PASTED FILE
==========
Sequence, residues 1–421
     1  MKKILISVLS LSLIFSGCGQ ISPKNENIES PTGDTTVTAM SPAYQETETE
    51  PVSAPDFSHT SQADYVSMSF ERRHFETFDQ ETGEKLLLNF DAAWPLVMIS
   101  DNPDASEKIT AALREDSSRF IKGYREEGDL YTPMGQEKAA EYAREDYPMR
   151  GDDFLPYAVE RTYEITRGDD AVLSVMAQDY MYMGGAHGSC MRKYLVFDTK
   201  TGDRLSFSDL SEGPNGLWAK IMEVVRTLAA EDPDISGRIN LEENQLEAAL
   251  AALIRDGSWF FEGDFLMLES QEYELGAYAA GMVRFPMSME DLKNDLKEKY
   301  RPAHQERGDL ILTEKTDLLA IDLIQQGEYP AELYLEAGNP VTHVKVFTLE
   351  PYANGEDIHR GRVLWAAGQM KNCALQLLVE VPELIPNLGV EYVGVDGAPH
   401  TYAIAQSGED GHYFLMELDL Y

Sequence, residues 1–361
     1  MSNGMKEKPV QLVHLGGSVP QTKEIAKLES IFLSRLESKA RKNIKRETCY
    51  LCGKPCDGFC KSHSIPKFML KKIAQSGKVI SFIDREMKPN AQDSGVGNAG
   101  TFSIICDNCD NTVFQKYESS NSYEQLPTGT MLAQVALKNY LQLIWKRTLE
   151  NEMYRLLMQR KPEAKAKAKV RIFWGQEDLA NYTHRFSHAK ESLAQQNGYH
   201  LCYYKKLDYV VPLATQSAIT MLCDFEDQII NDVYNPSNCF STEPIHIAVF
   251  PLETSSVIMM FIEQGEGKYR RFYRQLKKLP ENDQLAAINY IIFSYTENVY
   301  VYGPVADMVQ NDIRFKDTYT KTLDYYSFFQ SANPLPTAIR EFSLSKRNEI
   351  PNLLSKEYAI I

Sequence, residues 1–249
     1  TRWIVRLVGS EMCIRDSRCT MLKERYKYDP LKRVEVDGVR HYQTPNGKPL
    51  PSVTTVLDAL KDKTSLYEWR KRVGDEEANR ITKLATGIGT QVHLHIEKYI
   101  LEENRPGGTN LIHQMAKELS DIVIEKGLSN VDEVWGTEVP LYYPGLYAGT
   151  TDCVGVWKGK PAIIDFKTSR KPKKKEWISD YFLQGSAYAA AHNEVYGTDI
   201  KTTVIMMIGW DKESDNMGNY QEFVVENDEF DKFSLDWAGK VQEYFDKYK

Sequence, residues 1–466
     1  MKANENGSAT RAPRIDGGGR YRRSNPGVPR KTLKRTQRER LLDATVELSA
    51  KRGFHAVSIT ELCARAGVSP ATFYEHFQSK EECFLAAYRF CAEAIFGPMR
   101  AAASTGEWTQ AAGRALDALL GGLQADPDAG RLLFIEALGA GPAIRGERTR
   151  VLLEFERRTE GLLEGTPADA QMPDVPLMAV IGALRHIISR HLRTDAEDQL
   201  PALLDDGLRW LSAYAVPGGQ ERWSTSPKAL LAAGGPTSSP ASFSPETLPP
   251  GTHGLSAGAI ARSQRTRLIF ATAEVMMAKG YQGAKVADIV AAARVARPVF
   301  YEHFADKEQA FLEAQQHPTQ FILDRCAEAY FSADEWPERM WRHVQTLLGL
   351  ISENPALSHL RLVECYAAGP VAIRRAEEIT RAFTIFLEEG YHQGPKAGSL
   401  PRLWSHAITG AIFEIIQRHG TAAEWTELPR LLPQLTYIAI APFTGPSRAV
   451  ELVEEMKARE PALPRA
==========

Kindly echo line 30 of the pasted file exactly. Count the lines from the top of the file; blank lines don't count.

   151  VLLEFERRTE GLLEGTPADA QMPDVPLMAV IGALRHIISR HLRTDAEDQL